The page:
In both cultures, parents teach differing values to their children. In Japan, traditionally although times are changing, parents have taught children to obey the teacher and all rules. An important mantra is not to cause problems for other people and to fall in line to save face for the family. In America and lower PD cultures, children are taught to question the teacher, to question everything and to answer back with an opinion when they disagree, to be a `hero` by protecting a stranger and to `think outside the box`. These are basic differences in the way parents bring up their children and as such, reflect how a society shapes its power distance.
So, it is not surprising that opting out for Japanese young people should be to stay at home. Here, their own room is a private sanctuary away from the peer group and world outside that imposes restrictions on them. Here, they can be semi safe from criticism from superiors` or society`s judgement, in a womb like existence with Mother nearby. The core value of power distance is rejected but the symbiotic relationship with Mother is very strong and offers a tiny thread of that instinctive culture born expectancy that is hard to shake- that of dependency.
In low power distant countries, we have the opposite culture reactive phenomenon in young people; that of `runaway`. It is directly related to power distance because it is chooses to run from all dependents and strives for complete independence even if that means homelessness. As James Lehman, a Canadian behavioural therapist for teens and young adults writes; “kids run away from problems they cannot handle. It`s in our culture. Adolescents often see running away as a way to achieve a sense of power and independence.” (Lehman: 2009).
Both social phenomena are rooted in rebellion or reaction against authority, but hikikomori is unique because it chooses to place the family as a safer haven than the peer group. This in turn, suggests that bullying and school pressure play a larger part in retreat than in the counterpart phenomena of runaway, where perhaps young people are fleeing the pressure from family pressure.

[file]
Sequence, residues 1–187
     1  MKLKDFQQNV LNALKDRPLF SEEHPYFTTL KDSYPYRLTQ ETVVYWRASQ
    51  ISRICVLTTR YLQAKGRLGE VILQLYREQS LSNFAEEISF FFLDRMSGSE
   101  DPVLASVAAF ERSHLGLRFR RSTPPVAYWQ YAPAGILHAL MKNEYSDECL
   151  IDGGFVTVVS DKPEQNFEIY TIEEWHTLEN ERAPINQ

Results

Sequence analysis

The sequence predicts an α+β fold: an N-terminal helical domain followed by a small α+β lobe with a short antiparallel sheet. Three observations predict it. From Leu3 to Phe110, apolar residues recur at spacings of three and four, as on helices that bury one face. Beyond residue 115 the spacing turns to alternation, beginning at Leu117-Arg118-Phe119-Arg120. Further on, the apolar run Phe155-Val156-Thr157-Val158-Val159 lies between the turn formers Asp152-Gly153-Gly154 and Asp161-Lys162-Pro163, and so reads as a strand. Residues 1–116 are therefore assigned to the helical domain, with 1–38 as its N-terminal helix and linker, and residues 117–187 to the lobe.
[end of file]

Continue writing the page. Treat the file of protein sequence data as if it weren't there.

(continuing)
Finally, let us take a look at the uncertainty avoidance indice and how it relates to hikikomori.
UAI component
Rituals of performance.
Japan`s high value of employment stability and lifetime employment is a mental programming statistic, not necessarily found within individuals but a composite factor within the construct described and researched by Hofstede (Hofstede, 1983: 118-119) under the name of `Uncertainty Avoidance`.
The longitudinal (25 years) research that supports culture bound hypothesis in connection with employment avoidance and social withdrawal is documented in approx. 118 articles published in the `Journal of International Business Studies`between 1983 to 2008 (Au,K.Y, 1999;799-812).
UAI is a cultural dimension of toleration concerning uncertainty about the future. At the high end of the scale are cultures in which people feel comfortable with rituals and routines that reduce uncertainty in daily life and in the workplace. Low end UAI cultures are those in which people are happier with fewer routines and rituals and are open to much wider individual variation. In countries where UAI is high, and Japan ranks 92nd out of 100 countries surveyed (Hofstede, 1980) people will demonstrate extreme loyalty to the company or their employer and feel extreme social obligation to participate in group activity.
A high UAI score relates to hikikomori because 100% of hikikomori young adults have opted out of both work and group social activity. They are therefore reacting in a culturally adverse mode, mitigating the relevance of the claim `culture bound`.
The pressure on young people within the typical hikikomori age range of 14 to 30 -to find work and to stay in that work - or to find a club activity and stay in that activity and to co-operate correctly within a rigid peer group hierarchical system (侯輩・先輩) within Japanese society are factors that go towards creating pressure to isolate. As unemployment rates rise and the social stigma attached to any kind of so named drop out continues to prevail, this has created in natural turn a world of so called internet cafe hermits, parasites, neats and hikikomori..
While both social phenomena are rooted in rebellion or reaction against authority, hikikomori is unique because it chooses to place the family as a safer haven than the peer group. This in turn, suggests that bullying and school or work pressure play a larger part in retreat than in the counterpart phenomena of runaway, where perhaps young people are fleeing the pressure from family pressure. Parents in Western cultures usually encourage their children to leave home by 18 where in Japan “parents are happy to allow their children to remain at home and live from their parents` income until their thirties” (Suwa et al. 2003).